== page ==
In January 2015, I wrote about HCV and
Depression. Since that time, I have thought a lot about the link
between depression and hepatitis C. There does seem to be a pretty
strong link between the two. Add on to that just having a chronic
disease, such as hepatitis C, it is not surprising that many people
with hepatitis C are depressed.
If you think about it there are
many additional issues that increase the level of anxiety and
depression that people with hepatitis C are now facing even more than
Will I be approved for the new medications by my insurance company?
Will I be approved for treatment through a patient assistance program?
Will I be able to afford the co-pays?
Will the treatment work?
What if I am not cured?
What does my future hold?
Will I be able to work?
There are also people,
unfortunately, who have just given up and believe they have no choice
at all—no insurance, no physician, no future.
The list of uncertainties could go on and on and on.
I’m bringing this up because I
just recently ran across an article that startled me because it
discussed Baby Boomers (without HCV) and the increased risk of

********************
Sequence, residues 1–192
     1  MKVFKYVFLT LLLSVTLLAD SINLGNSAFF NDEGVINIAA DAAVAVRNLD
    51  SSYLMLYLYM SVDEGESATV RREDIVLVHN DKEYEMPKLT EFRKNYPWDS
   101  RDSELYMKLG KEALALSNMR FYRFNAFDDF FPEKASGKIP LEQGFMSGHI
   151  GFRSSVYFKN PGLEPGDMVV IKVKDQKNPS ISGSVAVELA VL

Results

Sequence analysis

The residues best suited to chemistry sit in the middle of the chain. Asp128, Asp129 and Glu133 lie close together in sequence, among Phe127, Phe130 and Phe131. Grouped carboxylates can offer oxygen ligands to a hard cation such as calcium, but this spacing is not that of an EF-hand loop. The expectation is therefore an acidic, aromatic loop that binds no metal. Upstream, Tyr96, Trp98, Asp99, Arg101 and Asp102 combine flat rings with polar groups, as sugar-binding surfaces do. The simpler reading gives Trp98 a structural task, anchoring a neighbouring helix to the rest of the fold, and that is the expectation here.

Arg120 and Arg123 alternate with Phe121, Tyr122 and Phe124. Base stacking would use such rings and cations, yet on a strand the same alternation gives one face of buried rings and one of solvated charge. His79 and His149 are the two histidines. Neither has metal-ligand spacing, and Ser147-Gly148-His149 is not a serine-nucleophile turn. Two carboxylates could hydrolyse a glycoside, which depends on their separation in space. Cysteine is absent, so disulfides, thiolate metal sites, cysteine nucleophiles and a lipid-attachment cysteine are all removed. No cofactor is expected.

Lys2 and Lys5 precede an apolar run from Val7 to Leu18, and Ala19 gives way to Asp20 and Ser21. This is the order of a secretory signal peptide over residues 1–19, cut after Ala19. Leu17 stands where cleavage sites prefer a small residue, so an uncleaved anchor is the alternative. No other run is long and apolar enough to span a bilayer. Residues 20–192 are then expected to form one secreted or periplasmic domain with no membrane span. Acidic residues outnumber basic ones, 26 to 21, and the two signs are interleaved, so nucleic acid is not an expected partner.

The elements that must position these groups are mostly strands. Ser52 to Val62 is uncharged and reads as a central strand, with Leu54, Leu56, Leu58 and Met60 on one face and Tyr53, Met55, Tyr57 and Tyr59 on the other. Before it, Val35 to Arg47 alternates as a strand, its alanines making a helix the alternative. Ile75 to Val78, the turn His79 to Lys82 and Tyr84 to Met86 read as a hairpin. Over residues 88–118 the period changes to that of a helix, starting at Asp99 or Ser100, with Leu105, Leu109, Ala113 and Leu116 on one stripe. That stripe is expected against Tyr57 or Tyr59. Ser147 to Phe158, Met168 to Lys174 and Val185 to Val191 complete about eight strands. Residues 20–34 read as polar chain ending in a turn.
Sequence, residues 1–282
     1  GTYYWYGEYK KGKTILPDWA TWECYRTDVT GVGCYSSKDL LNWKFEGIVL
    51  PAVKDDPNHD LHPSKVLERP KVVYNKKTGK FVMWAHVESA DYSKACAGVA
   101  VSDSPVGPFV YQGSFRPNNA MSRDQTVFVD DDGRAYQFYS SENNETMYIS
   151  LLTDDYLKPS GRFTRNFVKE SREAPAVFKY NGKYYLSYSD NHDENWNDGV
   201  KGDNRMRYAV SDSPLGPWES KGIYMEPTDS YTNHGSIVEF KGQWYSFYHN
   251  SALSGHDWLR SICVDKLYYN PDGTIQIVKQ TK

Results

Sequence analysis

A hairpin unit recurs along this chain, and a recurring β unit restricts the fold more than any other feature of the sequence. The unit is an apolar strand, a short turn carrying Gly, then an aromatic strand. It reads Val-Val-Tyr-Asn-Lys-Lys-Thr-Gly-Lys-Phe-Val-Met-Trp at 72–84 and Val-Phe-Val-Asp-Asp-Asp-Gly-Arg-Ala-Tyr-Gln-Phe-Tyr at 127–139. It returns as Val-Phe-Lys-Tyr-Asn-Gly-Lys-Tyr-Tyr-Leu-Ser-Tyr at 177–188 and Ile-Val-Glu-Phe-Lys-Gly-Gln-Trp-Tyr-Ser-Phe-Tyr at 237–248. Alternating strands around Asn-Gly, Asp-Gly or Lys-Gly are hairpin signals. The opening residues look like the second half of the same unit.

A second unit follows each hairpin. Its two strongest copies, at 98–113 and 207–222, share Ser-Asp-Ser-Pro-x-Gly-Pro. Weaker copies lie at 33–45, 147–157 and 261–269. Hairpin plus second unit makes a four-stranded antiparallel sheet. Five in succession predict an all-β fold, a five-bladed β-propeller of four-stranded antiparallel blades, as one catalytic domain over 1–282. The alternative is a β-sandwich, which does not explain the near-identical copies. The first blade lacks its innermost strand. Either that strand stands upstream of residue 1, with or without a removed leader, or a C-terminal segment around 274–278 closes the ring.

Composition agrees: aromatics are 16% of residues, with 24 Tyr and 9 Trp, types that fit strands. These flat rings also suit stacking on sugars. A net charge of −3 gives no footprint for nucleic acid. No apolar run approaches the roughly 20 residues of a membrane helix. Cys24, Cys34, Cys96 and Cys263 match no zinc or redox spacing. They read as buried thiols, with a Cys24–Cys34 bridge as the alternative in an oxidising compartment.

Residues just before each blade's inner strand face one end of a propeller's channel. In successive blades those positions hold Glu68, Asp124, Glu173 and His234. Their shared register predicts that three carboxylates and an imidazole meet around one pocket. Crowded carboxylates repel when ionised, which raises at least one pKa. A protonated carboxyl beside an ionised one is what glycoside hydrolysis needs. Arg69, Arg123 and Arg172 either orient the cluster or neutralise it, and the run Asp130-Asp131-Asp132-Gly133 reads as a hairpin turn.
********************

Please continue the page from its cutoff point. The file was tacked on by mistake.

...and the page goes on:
suicide—Baby Boomers are at the highest risk for suicide and the risk
increases as a Baby Boomer ages. Additionally, the suicide rates
were much higher in men than in women—In 2013, 78% of the 41,149
suicides in the U.S. were among men.
Note: Among Baby Boomer’s with HCV more than 2/3 are men.
Remember, depression is an
illness that is treatable. There are resources at the end of this
article and a link to the original article published in January 2015.
I hope that people with HCV and
their caregivers will be on the look-out for the signs of anxiety,
depression and suicidal behavior to offer support. Be sure to get
professional help as needed.
Baby boomers are killing themselves at an alarming rate, raising question: Why?
Labels: Depression, depression resources